"They didn't want him," is a phrase which might draw the inference that England's selectors, managers and captain, Andrew Strauss, had a less than perfect sense of his value to the team. This is palpably absurd. Flintoff's value to the team, emotionally, physically and, most of all, in terms of sheer bursting talent would surely not be lost on someone who might struggle to notice the difference between a long hop and a killer googly.

What England had to ask – and they would have been failing the remaining players as much as Flintoff had they not done so – was whether his selection would have been born of anything more than outright hope and speculation.

Anyone with one eye open at Edgbaston three days earlier would surely have had to accuse England of dereliction of duty had they not considered this vital issue. Even in the middle of his brilliant innings Flintoff looked like a man worn down to the last of his physical resources. When he bowled, wicketless, as Australia comfortably drew a veil over the possibility of defeat, the impression was even more pronounced. At one point he fell to the pitch, protecting his chronically injured knee and the simple act of regaining his feet seemed to be a considerable effort of will.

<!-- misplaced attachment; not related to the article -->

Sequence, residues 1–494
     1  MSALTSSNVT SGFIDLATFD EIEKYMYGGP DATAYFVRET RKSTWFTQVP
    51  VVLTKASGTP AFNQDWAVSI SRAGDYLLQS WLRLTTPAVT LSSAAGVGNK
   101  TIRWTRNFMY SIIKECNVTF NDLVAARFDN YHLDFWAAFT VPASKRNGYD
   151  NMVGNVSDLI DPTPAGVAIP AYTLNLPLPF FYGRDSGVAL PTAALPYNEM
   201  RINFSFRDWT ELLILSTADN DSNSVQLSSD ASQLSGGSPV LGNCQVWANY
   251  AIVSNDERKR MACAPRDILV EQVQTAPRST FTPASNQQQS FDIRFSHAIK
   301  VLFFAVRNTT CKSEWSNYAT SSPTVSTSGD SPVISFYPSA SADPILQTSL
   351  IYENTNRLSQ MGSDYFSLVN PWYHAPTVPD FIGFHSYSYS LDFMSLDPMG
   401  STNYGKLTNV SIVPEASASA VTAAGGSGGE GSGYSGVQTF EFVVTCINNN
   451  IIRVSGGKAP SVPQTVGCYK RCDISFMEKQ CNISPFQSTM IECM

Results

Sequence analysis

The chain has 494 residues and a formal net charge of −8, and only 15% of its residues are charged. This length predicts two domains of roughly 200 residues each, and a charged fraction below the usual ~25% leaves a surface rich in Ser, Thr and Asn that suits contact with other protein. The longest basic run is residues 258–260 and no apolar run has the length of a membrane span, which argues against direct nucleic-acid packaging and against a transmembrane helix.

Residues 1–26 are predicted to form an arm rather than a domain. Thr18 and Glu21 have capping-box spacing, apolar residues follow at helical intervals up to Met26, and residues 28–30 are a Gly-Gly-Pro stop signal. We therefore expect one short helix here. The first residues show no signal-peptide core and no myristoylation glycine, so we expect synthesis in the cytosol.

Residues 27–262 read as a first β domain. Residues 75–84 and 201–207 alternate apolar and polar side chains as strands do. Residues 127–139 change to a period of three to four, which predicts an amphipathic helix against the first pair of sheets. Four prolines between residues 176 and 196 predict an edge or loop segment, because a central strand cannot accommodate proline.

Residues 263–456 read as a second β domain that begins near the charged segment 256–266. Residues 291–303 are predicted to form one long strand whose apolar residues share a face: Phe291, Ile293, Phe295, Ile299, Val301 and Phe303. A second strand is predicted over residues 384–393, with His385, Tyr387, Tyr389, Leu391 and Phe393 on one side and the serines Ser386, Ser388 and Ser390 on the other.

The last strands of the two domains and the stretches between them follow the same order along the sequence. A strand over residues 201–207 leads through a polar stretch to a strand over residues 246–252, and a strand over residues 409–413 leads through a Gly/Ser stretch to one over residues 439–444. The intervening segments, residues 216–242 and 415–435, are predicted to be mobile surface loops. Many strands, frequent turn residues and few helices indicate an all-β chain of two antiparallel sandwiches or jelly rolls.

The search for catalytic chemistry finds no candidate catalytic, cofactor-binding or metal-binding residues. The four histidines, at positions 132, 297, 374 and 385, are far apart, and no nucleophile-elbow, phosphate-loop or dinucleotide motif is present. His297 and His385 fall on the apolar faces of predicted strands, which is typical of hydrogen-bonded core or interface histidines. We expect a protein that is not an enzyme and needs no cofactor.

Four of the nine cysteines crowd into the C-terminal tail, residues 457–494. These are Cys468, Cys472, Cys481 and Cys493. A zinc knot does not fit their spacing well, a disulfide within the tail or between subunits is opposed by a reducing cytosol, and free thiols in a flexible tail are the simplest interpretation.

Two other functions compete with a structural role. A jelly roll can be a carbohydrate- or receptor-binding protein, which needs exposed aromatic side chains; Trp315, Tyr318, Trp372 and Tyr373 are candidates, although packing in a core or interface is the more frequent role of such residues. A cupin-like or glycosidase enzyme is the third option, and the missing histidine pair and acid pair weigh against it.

The more Chandler talked, the easier it was to sympathise with England's dilemma. The agent claimed, "He was prepared to do whatever it takes, to put whatever was needed to put into his knee." If a scrupulous trainer of horses was offered such advice he would surely not have dallied too long over his decision.

There is maybe an inevitable waft of cynicism in the air when we ponder the implications of another Chandler statement, the one that said, "The whole point of announcing his retirement when he did was to clear his head and do whatever was needed to be done to play the final Test matches of his career."

Yes, fine, but did this assume that England, so grateful to have his at times Herculean services, would suspend all the normal rules of selection, not to mention the obligation of care that normally attends the training and preparation of both human and equine sports stars? One racing insider was aghast yesterday at some of the comments from the Flintoff camp. "In any decent yard," he said, "what was being proposed for Freddie Flintoff just wouldn't, couldn't happen to a horse."